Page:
Comments
Member

I’m curious: how is this idea any different from a part-time job? Teaching (which is what it seems to be) is a perfectly normal way to earn a living, so I don’t really see a problem. And it’s in a very different class from renting out your washing machine and certainly your car.

Member

Thanks Ian. I suppose it’s not very different from a part time job but because it’s app/ digital based, it forms part of the sharing economy. It’s the sharing of knowledge.

Curious though, would you be willing to share your washing machine or your car for a fee?

Member

People with skills or equipment show enterprise if they make money out of lending them to other people. It is what the self employed do, part or full time. Many do hair, fix cars, decorate, garden for money. And, by the way, grannies (and grandads) can be in their 40s and many are certainly useful in the 70’s, and far from belonging to a “big isolated group of senior citizens”. Perhaps this is a bit ageist?

I think an online site that helps put people with skills in touch with those that need them is a good idea – perhaps something useful coming out of Europe.

There is another movement – men’s sheds – where like minded people – including the older members of society – get together to fix and make things. I also heard on the radio today about groups who will meet regularly in premises and fix stuff for you – computers, CD players and the like – to save something mendable being chucked when it has stopped working properly. Many older people have the skills and time to contribute to this sort of activity.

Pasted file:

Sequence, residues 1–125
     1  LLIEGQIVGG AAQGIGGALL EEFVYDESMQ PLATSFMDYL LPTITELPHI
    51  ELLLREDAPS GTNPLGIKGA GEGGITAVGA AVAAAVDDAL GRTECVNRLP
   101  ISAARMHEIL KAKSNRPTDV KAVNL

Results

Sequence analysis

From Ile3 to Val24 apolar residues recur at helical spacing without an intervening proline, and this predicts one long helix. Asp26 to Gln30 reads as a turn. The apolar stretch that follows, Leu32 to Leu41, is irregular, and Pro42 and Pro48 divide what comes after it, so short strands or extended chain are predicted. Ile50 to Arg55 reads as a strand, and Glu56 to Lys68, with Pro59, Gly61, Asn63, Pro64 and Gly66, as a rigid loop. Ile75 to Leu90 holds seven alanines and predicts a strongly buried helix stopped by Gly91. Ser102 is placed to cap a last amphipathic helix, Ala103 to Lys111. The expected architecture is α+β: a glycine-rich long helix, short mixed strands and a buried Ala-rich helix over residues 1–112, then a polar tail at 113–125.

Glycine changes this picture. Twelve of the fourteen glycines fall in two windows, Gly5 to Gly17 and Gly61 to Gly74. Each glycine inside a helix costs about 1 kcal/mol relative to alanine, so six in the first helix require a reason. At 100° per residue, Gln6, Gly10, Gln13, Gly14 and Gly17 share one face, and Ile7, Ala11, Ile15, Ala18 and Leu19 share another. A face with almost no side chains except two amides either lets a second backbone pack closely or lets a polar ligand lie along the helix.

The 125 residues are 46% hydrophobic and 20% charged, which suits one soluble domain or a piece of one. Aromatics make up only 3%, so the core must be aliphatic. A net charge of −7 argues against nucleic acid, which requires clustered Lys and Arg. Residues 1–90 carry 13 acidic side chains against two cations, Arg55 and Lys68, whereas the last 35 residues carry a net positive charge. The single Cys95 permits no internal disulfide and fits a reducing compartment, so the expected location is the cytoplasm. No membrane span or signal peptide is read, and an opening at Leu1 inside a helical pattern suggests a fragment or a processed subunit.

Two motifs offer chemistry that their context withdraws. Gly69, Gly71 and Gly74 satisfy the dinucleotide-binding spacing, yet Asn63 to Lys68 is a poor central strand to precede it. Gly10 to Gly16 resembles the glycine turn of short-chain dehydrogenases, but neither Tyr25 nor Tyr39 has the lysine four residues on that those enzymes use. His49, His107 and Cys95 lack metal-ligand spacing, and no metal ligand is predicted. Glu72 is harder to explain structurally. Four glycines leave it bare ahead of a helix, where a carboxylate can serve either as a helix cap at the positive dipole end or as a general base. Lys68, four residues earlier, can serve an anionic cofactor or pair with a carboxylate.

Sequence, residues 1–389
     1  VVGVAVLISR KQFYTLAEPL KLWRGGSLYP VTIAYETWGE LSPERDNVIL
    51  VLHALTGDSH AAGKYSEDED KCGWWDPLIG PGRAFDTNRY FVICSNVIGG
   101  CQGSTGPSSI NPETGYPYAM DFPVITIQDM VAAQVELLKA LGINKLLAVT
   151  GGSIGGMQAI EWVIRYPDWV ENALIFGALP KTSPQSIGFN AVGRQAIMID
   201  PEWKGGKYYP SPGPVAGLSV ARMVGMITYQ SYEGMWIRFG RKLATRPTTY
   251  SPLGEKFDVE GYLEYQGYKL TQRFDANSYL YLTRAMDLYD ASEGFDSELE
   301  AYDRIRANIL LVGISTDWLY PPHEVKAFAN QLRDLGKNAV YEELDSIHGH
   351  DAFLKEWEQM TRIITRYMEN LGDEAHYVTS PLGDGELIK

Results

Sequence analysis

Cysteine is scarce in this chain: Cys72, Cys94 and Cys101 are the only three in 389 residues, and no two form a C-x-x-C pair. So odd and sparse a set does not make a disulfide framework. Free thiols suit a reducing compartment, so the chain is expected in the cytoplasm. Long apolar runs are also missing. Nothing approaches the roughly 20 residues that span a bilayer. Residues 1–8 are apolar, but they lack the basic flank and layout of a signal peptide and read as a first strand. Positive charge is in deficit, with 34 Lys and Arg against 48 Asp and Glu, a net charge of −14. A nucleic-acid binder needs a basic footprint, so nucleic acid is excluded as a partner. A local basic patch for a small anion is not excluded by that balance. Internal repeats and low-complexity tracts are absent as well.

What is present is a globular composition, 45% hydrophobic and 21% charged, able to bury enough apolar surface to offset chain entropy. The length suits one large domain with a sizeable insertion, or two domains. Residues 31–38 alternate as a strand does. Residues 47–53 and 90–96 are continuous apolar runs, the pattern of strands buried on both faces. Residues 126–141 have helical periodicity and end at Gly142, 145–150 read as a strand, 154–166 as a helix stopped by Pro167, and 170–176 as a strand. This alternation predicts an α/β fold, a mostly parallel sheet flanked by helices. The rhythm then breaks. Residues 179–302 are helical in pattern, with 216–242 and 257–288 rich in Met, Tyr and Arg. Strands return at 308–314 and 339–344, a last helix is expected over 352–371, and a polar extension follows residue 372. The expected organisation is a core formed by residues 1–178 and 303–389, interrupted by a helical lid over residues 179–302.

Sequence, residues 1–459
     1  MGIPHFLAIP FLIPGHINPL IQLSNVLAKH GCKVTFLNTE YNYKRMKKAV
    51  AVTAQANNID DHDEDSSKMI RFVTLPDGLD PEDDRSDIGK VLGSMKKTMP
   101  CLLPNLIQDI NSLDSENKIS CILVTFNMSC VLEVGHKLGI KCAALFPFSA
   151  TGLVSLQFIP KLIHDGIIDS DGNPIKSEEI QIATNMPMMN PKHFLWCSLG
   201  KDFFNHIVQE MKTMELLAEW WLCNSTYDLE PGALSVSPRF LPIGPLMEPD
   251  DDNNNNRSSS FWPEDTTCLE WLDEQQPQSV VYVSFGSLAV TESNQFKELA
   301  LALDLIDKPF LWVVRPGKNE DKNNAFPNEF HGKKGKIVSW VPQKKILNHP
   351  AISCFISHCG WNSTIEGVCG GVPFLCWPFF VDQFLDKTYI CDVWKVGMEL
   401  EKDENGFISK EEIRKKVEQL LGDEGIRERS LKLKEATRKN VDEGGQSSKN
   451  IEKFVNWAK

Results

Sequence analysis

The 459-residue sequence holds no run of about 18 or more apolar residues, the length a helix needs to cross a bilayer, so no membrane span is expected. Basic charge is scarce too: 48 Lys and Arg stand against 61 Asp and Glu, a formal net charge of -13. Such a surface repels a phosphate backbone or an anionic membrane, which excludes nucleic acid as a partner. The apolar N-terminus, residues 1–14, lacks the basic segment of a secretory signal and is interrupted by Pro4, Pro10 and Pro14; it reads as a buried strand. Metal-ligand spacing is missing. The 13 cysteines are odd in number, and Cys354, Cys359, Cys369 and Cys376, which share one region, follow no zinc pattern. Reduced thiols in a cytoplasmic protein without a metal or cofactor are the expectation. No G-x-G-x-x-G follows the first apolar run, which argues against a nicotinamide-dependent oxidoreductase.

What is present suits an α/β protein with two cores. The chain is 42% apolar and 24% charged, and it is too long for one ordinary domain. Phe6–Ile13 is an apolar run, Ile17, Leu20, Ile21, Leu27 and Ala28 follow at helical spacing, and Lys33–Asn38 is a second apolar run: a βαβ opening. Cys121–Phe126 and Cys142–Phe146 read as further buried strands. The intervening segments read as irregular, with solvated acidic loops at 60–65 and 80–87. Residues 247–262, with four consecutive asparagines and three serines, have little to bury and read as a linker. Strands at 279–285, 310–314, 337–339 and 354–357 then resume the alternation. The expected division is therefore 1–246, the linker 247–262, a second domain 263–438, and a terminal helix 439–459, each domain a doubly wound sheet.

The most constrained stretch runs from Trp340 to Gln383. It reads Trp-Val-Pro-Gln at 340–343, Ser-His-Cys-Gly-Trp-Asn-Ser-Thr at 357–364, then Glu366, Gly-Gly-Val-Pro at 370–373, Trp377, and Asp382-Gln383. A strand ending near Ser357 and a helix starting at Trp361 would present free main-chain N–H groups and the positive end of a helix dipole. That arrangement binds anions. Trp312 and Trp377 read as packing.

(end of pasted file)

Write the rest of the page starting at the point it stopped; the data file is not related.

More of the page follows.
I’m all for it.

Member

So am I malcolm and agree with your post . I put this down to the modern brainwashing of young people you now get in schools. Engineering skills are lost because engineering isnt high on females agendas even though the brain washers try to force females into those areas -so far with limited success . Facts have to be faced this is now a service industry economy males are forced into jobs , because of poverty , that females are much better at . This will only get worse as the hidden agenda is to transform this society into servile obedience to buy all things that are advertised no matter how much is complete c**p . making excuses for the massive changes in society doesn’t work humans male or female are different in mental structure in thought patterns etc its only minority groups that are trying push this and they couldn’t careless for the consequences. You might hate what I said but it wont be long to even my words are censored because I dont conform and then you know for sure this is no free society .